In what ways does how we feel about ourselves affect our prayer life?
I have always struggled with prayer and felt rather inadequate, that I wasn't a good enough 'pray-er' and not spiritual enough. When John asked recently for questions about prayer for a forthcoming Bible study the above question came to mind. As I thought about the question I realised that I often started my quiet times with the Prayer of Confession I learnt as a child in the Church of England. 'Almighty and most merciful Father, we have erred, and strayed from your ways like lost sheep. We have followed too much the devices and desires of our own hearts. We have offended against thy holy laws. We have left undone those things which we ought to have done; and we have done those things which we ought not to have done; and there is no health in us ...' Often I didn't get beyond this!
I can remember feeling so guilty as a child, as I recited these words every week, thinking that I was such a disappointment to God. There are other, beautiful words in the Book of Common Prayer which I still treasure, but I have realised recently just how strong the self-criticism and self-condemnation is within my Choleric/Melancholic temperament and how easily I absorb anything negative whilst positive, affirming words can fail to penetrate.
Earlier this year I felt that I wanted to develop my prayer life and become a more effective 'pray-er'. I found a Bible reading plan on my phone on 'How to pray' by Pete Greig and also listened to the accompanying audiobook. I think I had hoped that I would learn different and better ways to pray - and I have picked up some useful tips which I've incorporated into my day, for example pausing and using the Lord's prayer to refocus when I have my lunch. However, what I have found over the last few months is a completely different understanding and approach to prayer. I read the following words in the devotional 'What if the time you spend in the prayer room is when you refocus on Jesus so that you can carry his presence with you into the other 23 hours of the day with a heightened awareness that he is with you, he is for you, that he likes you, that he hears your thoughts? You start to pray in real time. You instinctively lift situations to the Lord in the actual moment you experience them. You're no longer deferring all your prayers to some later, holier moment because your whole life is becoming that holier moment.' The thought that God might like me and want to spend time with me was quite a revelation!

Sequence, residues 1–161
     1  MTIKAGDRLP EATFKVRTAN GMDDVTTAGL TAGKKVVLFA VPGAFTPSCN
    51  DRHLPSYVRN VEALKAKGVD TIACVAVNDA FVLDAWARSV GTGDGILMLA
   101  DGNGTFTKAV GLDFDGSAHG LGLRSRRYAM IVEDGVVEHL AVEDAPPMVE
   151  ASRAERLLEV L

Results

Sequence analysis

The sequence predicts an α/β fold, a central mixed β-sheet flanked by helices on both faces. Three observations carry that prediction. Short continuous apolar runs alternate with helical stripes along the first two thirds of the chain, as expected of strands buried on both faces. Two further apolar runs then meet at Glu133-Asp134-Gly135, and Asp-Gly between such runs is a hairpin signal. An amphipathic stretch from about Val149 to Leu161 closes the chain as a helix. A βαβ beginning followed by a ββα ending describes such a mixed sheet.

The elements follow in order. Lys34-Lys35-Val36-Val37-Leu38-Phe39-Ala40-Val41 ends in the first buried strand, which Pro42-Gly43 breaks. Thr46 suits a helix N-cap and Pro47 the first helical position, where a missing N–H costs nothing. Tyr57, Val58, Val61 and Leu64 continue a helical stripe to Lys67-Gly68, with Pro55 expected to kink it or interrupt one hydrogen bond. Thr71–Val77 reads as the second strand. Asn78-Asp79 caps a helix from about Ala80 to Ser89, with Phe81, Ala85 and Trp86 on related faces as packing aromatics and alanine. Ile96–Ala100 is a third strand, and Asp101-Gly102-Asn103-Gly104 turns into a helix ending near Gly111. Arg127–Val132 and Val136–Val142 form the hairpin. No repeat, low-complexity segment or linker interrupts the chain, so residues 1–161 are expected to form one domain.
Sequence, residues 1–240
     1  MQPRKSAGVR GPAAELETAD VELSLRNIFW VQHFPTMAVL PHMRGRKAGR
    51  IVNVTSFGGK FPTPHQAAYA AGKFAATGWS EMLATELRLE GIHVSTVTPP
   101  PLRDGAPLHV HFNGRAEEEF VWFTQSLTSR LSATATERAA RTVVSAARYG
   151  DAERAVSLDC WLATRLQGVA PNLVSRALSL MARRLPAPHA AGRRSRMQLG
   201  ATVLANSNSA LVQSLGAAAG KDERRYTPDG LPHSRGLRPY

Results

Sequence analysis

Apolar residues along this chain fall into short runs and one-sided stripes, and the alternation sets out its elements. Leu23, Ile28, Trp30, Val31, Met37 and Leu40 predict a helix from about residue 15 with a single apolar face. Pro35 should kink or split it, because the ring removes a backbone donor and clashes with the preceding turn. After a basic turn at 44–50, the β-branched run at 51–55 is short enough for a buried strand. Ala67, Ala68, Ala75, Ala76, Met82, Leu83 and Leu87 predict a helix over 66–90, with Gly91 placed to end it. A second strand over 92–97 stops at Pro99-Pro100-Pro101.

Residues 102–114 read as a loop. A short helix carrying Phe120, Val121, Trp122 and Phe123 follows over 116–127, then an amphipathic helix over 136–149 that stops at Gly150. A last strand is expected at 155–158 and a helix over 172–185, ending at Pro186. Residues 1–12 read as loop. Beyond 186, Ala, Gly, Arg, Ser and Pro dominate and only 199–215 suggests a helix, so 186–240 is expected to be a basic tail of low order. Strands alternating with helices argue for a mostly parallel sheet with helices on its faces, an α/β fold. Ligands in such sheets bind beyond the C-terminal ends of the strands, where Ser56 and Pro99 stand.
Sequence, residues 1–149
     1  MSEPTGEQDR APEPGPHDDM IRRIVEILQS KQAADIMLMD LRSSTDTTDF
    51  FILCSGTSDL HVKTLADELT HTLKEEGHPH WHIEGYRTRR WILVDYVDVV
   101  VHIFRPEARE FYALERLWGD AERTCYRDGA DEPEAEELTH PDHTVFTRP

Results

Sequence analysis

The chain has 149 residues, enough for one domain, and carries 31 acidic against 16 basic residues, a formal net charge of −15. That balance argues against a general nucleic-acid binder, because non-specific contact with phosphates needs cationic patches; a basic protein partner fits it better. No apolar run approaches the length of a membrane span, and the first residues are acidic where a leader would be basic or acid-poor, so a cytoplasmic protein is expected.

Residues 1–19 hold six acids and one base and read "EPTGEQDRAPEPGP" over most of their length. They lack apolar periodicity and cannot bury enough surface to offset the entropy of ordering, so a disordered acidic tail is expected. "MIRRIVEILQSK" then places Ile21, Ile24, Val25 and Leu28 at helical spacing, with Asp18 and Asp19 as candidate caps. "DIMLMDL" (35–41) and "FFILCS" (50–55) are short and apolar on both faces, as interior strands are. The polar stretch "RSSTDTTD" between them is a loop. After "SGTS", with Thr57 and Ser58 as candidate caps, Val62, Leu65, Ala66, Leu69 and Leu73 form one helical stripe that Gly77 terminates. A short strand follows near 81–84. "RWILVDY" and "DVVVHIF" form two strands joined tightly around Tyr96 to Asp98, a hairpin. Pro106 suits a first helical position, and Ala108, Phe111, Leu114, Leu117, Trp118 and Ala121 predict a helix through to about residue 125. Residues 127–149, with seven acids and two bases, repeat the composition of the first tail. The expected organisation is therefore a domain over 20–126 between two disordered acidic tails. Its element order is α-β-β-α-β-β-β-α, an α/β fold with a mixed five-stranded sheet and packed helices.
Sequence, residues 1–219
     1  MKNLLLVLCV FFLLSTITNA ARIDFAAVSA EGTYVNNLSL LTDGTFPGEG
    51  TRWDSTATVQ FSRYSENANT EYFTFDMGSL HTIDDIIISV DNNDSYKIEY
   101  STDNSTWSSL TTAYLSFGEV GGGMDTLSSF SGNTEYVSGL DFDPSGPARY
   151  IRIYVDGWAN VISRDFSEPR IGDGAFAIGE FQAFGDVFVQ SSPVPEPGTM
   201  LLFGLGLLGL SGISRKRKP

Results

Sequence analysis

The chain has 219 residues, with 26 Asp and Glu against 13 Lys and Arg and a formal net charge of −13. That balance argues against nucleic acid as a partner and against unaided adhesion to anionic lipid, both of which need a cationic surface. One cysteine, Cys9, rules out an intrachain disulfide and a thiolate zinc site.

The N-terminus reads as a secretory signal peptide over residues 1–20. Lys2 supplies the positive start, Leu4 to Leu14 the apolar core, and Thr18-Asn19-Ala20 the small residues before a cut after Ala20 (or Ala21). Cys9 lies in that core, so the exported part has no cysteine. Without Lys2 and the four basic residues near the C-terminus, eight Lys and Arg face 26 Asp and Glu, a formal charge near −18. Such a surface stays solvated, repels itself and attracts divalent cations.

I also read Zephaniah 3:17, 'The Lord your God is with you, the Mighty Warrior who saves. He will take great delight in you; in his love he will no longer rebuke you, but will rejoice over you with singing.' These thoughts were further reinforced by three recent Bible studies on 'What really happened at the Fall in the Garden?' The overriding message that I have taken away from these studies is that God wants to be with his people and that there is nothing fundamentally wrong with the way we were made.
To answer the above question, my experience is that how we feel about ourselves is fundamental to the quality of our prayer lives - a negative view of ourselves and how God sees us is never going to lead to a relaxed and comfortable walk with God; rather it will lead to a continual sense of striving and subsequent failure, whereas an accurate view of who we are in the Lord will lead to a depth and richness in our communion with God.